(INSIDEOUT MUSIC IOMCD187)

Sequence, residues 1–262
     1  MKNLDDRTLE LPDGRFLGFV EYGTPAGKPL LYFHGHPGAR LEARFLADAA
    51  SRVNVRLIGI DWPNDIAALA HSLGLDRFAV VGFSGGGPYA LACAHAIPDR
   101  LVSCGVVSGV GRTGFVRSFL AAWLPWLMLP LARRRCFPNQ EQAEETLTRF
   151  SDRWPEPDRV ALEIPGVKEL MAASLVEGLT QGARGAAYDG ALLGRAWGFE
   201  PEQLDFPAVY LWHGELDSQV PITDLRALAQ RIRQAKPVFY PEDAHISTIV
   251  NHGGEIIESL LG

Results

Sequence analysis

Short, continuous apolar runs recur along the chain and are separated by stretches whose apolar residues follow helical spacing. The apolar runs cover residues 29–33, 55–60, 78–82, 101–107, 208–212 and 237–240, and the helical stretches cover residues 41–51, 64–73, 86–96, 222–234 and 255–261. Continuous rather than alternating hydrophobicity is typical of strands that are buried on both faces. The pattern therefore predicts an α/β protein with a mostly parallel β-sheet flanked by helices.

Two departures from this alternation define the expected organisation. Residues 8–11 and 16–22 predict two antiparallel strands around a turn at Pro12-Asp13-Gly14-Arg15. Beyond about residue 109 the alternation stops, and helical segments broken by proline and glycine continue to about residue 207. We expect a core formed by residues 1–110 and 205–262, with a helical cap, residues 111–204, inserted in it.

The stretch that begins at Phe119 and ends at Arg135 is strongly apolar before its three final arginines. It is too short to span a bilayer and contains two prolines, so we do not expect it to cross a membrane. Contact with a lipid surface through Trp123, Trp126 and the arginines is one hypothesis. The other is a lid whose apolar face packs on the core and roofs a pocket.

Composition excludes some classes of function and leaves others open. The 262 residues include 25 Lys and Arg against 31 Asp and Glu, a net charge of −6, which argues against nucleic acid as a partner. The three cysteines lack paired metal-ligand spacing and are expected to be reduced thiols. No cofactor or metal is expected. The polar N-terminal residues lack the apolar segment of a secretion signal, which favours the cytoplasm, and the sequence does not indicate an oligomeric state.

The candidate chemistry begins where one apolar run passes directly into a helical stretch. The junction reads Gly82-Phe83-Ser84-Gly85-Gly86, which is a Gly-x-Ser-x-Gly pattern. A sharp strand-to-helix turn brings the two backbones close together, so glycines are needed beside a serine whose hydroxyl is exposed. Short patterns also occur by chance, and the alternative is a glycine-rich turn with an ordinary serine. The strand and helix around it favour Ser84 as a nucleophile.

After Happy The Manís smashing show at the NEARfest 2000 the waiting for the proclaimed comeback-record The Muse Awakens began. This waiting is being rewarded now, because the 11 new tracks are full of the trademarks which typified the band so much: repetitive, slowly shifting patterns on divers instruments, lovely slurring Moog-soloís with that characteristic tone-bending and the long lasting string-chords. Itís clear Happy The Man is going back to the intense progressive jazz-rock from Crafty Hands (1978), although the dreamlike spheres from the eponymous debut (1977) also gets a lot of space. The opening-track Contemporary Insanity is revealing in that matter; complex rhythms, with bumping baritone-saxophone swipes and screeching guitar- and synthesizer-soloís. Lunch At The Psychedelicatessen, in which Frank Wyatt lets himself go in a lovely way on saxophones and other woodwinds, is also dominated by this kind of Gentle Giant-like riotousness. And Barking Spider is based on breaks in such a way, that the new drummer Joe Bergamini (from 4Front) can exhibit himself perfectly. The sphere-full side gets a chance in amongst others the title-track with Spyro Gyra-tinted, melodic clarinet-parts. Kindred Spirits is a beautiful piece, in which the echoing electric piano evokes exactly that kind of sphere which made The Moon, I Sing (from Crafty Hands) and the Twin Peaks-soundtrack so sensitive. But in these sensitive tracks thereís also a lot of progression and dynamic-difference, like the bombastic burp in Adrift, which is mostly dominated by a sultry saxophone. In the epic tracks complexity and serenity flow together constantly. For instance, Stepping Through Time combines a Camel-like flute in the intro with a splitting guitar-solo in the climax, which is being followed by a virtuoso keyboard-duel, one of the many passages in which David Rosenthal turns Kit Watkins into a very good memory effortlessly. This combination is also present in the closing couple Maui Sunset and Il Quinto Mare, which are being surrounded by see-sounds. They lead to the most sparkling part of the album, after which the band works musing (sic) and slowly toward the end in that typical Happy The Man-way. Finally, the vocal aspect in the key as the demo-LP 3rd : Better Late (recorded 1979, released 1983), comes to the front in Shadowlites only; in that track Stanley Whitakerís slightly distorted voice colours the refrain in an almost commercial way. In the press-information Whitaker tells that there are already three new vocal compositions. This means that The Muse Awakens is not only a very strong return to the top of the progressive rock-front, but also a start of many more beautiful things.